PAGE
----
How to identify and control common farm grassweeds

Grassland weeds can be an expensive burden on livestock farmers, resulting in lost productivity and forage quality.

But the weedkillers available to treat them also carry a cost – they can be expensive to buy and use and a single drop can threaten an entire reservoir of drinking water.

Here’s a how to guide to help you identify and control common grassland weeds.

See also: E-learning module on controlling broad-leaved weeds

Docks

Docks

What are they?

A biennial weed which flowers in its second year. One plant can produce up to 60,000 seeds, which can remain viable for up to 80 years.

See also: Farmers urged to get on top of weeds this spring insert link from 1151810 when it goes online

Why control them?

Docks thrive in fertile pasture, but only provide 65% of the feed value of grass. Both curled and broad-leaved docks are classed as injurious weeds, so legally have to be controlled.

Did you know?

The optimum timing for controlling biennial weeds, such as docks, thistles and ragwort, is when they are at the rosette stage. This occurs when leaves are lush during the early autumn of their first year or late spring/early summer in their second year (before flowering).

Risk factors

Open swards, often affected by poaching, overgrazing or winter kill. Weeds grow rapidly after nitrogen fertiliser applications.

Treatment options

Topping is ineffective as plants recover and set viable seeds, which will also survive ensiling and digestion. New plants grow from broken root parts, meaning populations may increase following cultivation. Herbicide use is likely to be cost effective at 10% or more infestation.

Other facts

When using translocated herbicides do not cut grassland for at least 21 days to allow the treatment to work down to the roots.

Prevention

Organic methods to give desired grasses a competitive edge include treating soil compaction, correcting pH, and regular topping or hard grazing with less selective animals such as pigs and goats.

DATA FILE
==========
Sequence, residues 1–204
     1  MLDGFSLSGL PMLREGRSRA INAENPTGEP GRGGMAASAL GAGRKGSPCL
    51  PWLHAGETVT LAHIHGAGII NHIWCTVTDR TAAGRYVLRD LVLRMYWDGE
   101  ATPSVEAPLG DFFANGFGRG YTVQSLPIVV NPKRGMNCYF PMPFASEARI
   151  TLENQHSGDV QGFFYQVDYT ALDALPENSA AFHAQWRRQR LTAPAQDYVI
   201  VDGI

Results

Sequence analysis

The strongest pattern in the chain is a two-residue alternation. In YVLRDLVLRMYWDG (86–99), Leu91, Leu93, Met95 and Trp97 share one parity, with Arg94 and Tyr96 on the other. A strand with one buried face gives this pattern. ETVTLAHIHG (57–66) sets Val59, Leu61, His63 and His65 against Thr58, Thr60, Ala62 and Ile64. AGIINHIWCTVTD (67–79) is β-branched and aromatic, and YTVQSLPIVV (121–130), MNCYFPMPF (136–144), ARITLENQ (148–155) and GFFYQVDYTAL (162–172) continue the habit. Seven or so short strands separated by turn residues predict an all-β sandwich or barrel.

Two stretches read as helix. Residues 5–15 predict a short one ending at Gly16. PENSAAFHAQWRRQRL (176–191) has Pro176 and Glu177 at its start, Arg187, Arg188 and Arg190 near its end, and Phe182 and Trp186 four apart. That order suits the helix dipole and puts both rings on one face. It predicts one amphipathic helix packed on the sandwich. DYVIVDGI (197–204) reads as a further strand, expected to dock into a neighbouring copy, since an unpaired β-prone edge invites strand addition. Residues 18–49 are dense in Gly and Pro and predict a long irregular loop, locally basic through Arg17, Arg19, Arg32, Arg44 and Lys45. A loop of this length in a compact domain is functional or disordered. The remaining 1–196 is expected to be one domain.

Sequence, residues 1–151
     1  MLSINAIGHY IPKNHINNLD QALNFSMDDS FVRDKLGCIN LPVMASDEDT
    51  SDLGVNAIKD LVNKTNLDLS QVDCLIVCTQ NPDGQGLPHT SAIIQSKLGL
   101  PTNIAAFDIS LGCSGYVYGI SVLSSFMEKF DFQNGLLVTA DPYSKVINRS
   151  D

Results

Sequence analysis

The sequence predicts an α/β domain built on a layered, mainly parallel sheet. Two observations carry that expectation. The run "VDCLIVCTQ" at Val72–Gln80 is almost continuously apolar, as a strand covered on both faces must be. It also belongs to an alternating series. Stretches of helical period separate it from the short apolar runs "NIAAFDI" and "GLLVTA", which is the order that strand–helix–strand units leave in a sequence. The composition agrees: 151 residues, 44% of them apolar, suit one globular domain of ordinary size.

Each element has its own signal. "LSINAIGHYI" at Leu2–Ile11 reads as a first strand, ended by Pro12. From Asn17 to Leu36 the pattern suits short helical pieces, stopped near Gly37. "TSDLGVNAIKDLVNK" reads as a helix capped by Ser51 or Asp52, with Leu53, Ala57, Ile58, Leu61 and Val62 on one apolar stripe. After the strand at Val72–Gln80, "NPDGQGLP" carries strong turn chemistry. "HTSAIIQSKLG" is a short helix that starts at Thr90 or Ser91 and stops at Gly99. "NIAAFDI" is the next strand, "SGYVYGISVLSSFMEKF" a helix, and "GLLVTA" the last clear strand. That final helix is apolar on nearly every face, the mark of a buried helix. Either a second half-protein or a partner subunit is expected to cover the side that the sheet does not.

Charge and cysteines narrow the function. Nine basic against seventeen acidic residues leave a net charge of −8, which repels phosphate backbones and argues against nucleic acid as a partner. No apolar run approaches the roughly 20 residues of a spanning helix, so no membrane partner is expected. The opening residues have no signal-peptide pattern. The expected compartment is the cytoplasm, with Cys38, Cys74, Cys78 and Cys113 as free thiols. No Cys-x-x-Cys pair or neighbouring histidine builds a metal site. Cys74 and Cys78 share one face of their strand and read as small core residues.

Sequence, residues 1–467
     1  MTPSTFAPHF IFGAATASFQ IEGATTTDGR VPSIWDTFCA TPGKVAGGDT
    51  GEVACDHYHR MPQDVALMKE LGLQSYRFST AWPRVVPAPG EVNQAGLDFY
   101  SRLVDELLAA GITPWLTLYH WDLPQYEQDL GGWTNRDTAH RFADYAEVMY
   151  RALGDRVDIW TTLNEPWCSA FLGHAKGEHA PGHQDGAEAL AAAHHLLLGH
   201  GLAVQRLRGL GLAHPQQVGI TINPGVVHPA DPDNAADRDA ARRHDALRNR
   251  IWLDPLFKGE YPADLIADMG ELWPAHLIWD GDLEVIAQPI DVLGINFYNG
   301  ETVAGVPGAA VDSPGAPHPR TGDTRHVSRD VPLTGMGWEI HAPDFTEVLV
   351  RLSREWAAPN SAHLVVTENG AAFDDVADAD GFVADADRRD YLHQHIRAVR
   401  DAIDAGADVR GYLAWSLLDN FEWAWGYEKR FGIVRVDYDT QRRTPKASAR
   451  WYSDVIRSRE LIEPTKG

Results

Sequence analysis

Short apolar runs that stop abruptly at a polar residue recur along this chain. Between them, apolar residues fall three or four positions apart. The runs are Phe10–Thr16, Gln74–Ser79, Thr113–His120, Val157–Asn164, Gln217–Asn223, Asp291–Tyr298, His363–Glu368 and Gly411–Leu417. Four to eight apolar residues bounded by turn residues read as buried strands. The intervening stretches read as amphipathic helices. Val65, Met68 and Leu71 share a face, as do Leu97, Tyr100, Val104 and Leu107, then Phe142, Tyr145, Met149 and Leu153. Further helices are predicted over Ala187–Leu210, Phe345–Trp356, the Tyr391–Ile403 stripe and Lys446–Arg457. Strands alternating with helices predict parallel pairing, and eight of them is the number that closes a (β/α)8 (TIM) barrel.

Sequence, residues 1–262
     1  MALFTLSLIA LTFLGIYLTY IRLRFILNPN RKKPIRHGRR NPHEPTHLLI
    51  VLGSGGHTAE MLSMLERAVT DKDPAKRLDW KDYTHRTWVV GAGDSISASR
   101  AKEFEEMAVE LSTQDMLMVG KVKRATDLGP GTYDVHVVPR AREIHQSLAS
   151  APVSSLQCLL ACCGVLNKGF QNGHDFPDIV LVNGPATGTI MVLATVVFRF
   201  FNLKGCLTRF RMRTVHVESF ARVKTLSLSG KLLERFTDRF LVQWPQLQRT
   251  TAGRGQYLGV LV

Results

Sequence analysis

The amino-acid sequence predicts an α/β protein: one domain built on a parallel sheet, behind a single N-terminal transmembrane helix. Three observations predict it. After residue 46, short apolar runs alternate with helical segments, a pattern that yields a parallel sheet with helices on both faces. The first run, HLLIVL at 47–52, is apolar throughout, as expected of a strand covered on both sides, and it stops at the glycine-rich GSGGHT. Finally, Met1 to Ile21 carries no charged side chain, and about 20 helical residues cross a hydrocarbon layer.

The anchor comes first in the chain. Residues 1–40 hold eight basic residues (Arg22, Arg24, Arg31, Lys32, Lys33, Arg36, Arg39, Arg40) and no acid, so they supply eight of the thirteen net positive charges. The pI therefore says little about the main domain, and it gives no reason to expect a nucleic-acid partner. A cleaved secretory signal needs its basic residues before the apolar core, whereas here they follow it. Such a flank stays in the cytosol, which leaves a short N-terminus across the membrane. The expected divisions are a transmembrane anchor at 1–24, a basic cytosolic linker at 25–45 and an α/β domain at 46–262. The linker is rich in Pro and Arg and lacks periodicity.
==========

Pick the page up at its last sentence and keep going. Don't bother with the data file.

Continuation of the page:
See also: Learn from the organic sector when it comes to weed control

Thistles

Thistles

© Rex Features

What are they?

Creeping thistle is a perennial growing from seed or portions of root, which can stay dormant underground for years. Spear thistle is biennial, growing from seed and often unnoticed in its first year, due to a small rosette. However, in the second year it can spread vigorously.

Why control them?

Both are classified as injurious weeds and compete strongly with grass. Thistles can also spread diseases such as orf in sheep.

Risk factors

Overgrazing, open swards or poor soil nutrition status can encourage growth.

Treatment options

Even a low infestation of just 1% will justify treatment. Where thistles are at different growth stages, topping is a useful first step. They can then be sprayed off 2-3 weeks later.

Other facts

Topping and treatment later in the season will ensure herbicides have a lasting effect. Treatment two weeks after nitrogen application can improve herbicide uptake.

How do you prevent?

Cutting can manage thistles, but it needs to be regular and may take years. As thistles stand proud above the sward a weed-wiper may be employed.

See also: Grassland weed control e-learning course

Ragwort

Ragwort

© Rex Features

What is it?

A perennial plant dispersed by seed and spreading root systems.

Why control it?

Ragwort is an injurious weed that is poisonous to livestock – even when it is wilted or dried.

Risk factors

Overgrazed or damaged swards.

Treatment options

Cutting is not effective and will increase the persistency of ragwort. Small infestations can be managed by hand-pulling, removing the root stock as well as the plant above ground.

Other facts

Once sprayed, ragwort is more palatable to grazing animals. Do not graze until treated ragwort has died off completely and been removed from the field. Heavy infestations on organic systems may have to be reseeded.